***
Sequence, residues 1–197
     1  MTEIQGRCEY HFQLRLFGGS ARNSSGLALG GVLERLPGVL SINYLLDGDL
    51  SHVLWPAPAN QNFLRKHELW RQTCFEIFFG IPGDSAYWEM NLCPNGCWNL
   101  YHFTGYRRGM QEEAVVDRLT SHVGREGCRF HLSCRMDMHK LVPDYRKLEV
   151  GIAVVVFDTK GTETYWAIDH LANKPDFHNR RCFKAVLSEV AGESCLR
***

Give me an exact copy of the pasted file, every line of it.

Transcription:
Sequence, residues 1–197
     1  MTEIQGRCEY HFQLRLFGGS ARNSSGLALG GVLERLPGVL SINYLLDGDL
    51  SHVLWPAPAN QNFLRKHELW RQTCFEIFFG IPGDSAYWEM NLCPNGCWNL
   101  YHFTGYRRGM QEEAVVDRLT SHVGREGCRF HLSCRMDMHK LVPDYRKLEV
   151  GIAVVVFDTK GTETYWAIDH LANKPDFHNR RCFKAVLSEV AGESCLR